Can I use a 529 plan to pay off student loans?


Q. Under the new SECURE Act, 529 plan funds can be used for $10,000 of student loan repayment. Does New Jersey follow the same rule?
— Debt-ridden

A. We’ve got good news for you.

Yes, New Jersey follows the federal rule in allowing 529 plan funds to be used for student loan repayments, up to $10,000, tax-free and penalty-free.

The rule applies to the beneficiary of the 529 plan, and also to any of the beneficiary’s siblings, said Gene McGovern, a certified financial planner with McGovern Financial Advisors in Westfield.

For this purpose, “siblings” include a brother, sister, stepbrother or stepsister, McGovern said.

According to the New Jersey Division of Taxation’s website, “any amounts that are used for higher education expenses as defined under section 529 of the Internal Revenue Code are excluded from income.”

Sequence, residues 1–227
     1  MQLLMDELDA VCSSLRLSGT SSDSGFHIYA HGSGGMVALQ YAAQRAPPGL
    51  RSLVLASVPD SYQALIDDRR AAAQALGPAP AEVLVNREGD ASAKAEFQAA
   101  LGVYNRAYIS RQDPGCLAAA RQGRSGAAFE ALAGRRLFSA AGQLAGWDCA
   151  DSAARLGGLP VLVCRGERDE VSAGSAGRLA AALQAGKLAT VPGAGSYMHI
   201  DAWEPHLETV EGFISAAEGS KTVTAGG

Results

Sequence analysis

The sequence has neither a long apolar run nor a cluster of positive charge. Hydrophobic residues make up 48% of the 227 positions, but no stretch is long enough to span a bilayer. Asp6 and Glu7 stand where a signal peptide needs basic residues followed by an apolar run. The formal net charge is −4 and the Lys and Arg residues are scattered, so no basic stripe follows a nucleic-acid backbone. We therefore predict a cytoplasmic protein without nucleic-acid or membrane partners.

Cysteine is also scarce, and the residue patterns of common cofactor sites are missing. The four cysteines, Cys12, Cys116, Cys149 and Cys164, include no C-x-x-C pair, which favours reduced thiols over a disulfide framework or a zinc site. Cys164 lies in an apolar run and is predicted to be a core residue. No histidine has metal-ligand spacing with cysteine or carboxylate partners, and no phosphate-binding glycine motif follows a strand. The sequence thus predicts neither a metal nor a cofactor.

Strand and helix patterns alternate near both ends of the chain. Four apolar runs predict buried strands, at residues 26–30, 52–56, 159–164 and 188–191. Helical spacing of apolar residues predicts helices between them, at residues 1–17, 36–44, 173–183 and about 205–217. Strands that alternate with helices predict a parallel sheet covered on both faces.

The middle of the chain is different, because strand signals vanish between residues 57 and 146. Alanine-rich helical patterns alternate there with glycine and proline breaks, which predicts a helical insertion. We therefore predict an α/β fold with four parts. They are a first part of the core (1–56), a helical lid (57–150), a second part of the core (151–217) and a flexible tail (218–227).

IRC Section 529, in turn, as amended by the SECURE Act, states that qualified higher education expenses include “principal or interest on any qualified education loan…of the designated beneficiary or a sibling of the designated beneficiary,” up to $10,000 per individual, McGovern said.

“In a nutshell, tax-free distributions from 529 plans can now be used to pay both principal and interest on student loans in New Jersey, subject to the $10,000 cap for each plan beneficiary and for each of their siblings,” he said.

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This story was originally published on April 2, 2020. presents certain general financial planning principles and advice, but should never be viewed as a substitute for obtaining advice from a personal professional advisor who understands your unique individual circumstances.